Realizing that there is no one formula that fits all applicants, our goal is to approach each file holistically. The weight of the GPA and LSAT score shifts with the strengths and weaknesses of each applicant. The LSAT might be more important if someone has a low GPA but presents other factors such as a number of years of work experience, or a graduate degree along with a solid LSAT score. Applicants who present high LSAT scores but have consistently underperformed academically will have to provide convincing arguments that this lack of achievement will not repeat in law school. We value the writing experience of applicants who have engaged in a senior or honors thesis or have other significant writing experience. Regarding GPAs, grade trends, rigor of courses, and majors and minors are all reviewed with a serious eye.
4. How much does prior work/internship experience weigh into your decision making? What's the typical or expected amount of work experience from an applicant?
Maturity (regardless of age), professionalism, seriousness of purpose, and time management skills are valued at Miami. Thus, while work/internship experiences are not expected, we appreciate that professional, internship, leadership or volunteer experiences indicate exposure to team work, time management, responsibility, and accountability. We pay heed to applicants who have taken interest in the world outside of their scope of well-being through public service and volunteer work. Miami likes to see applicants who have made it their business to learn how to navigate and get the most out of each experience, whether in an academic or professional setting.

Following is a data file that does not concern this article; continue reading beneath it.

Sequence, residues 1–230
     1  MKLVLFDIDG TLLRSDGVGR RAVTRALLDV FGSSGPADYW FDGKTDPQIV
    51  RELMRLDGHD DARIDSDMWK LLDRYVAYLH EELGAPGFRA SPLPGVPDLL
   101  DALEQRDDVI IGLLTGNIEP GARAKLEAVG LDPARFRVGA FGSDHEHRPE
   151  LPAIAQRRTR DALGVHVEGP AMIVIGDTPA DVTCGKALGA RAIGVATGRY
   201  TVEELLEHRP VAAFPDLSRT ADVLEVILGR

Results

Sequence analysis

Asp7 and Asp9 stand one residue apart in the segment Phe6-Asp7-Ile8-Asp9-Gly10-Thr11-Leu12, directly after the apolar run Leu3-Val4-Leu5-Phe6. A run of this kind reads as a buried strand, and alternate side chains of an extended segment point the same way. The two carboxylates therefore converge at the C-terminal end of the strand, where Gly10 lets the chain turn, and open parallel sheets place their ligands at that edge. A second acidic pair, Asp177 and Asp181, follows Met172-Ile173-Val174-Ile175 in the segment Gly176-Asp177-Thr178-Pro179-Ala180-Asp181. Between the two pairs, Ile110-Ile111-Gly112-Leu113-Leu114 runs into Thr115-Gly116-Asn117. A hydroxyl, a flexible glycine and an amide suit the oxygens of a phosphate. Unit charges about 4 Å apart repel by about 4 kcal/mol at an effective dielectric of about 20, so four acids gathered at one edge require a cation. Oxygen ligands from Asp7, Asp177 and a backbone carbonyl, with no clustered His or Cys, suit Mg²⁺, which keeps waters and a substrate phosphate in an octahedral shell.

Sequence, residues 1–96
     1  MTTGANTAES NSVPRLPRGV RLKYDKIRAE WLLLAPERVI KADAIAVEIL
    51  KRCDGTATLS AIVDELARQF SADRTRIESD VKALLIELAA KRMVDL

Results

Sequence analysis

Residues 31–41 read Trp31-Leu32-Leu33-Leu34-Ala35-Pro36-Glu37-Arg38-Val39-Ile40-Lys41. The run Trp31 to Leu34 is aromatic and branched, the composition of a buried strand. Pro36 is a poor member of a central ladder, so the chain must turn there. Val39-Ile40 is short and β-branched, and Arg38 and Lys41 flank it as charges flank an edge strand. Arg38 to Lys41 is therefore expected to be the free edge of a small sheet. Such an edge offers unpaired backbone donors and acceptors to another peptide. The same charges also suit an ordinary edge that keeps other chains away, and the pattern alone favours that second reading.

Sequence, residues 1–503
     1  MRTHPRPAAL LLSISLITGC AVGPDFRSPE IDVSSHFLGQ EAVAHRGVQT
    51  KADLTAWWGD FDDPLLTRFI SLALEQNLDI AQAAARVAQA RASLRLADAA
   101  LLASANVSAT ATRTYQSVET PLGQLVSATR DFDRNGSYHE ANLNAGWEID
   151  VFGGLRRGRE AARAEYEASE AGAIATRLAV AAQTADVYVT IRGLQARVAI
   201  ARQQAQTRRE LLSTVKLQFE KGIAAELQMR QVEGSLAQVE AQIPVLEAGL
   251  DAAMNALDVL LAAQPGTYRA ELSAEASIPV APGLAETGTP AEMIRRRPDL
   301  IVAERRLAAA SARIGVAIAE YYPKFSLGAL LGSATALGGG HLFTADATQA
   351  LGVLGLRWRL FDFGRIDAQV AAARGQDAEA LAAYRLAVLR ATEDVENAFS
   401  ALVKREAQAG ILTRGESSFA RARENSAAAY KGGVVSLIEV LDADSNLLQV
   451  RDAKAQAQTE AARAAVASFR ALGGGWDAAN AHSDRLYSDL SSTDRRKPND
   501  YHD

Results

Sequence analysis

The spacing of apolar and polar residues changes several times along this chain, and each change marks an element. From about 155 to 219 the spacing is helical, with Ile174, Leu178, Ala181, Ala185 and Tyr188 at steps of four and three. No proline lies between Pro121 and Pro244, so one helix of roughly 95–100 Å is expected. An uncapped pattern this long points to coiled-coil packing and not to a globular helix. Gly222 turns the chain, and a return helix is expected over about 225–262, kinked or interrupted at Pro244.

5. What sets you apart from other schools? What can students gain from your school that they might not be able to find anywhere else?
Leadership! In her first year alone, Dean Trish White, a leader with vision and experience, has ignited an exciting momentum at Miami. She has greatly expanded collaborative efforts with other departments within the University (such as the newly created J.D./Masters in Music Business and Entertainment Law and for undergraduate business majors a triple degree option—J.D./M.B.A./LL.M. in Taxation or Real Property), heralded an extensive externship program, actively supported the new specialization in international arbitration (headed by one of the world's most powerful international arbitrators, Jan Paulsson), approved new clinics (the immigration clinic and the human rights clinic slated to begin in spring, 2011), as well as added several new study abroad options in Versailles, France, Hamburg, Germany, Haifa, Israel and the Africa Neutral Trial Observer Initiative. These outstanding new offerings hold promise for many more to come.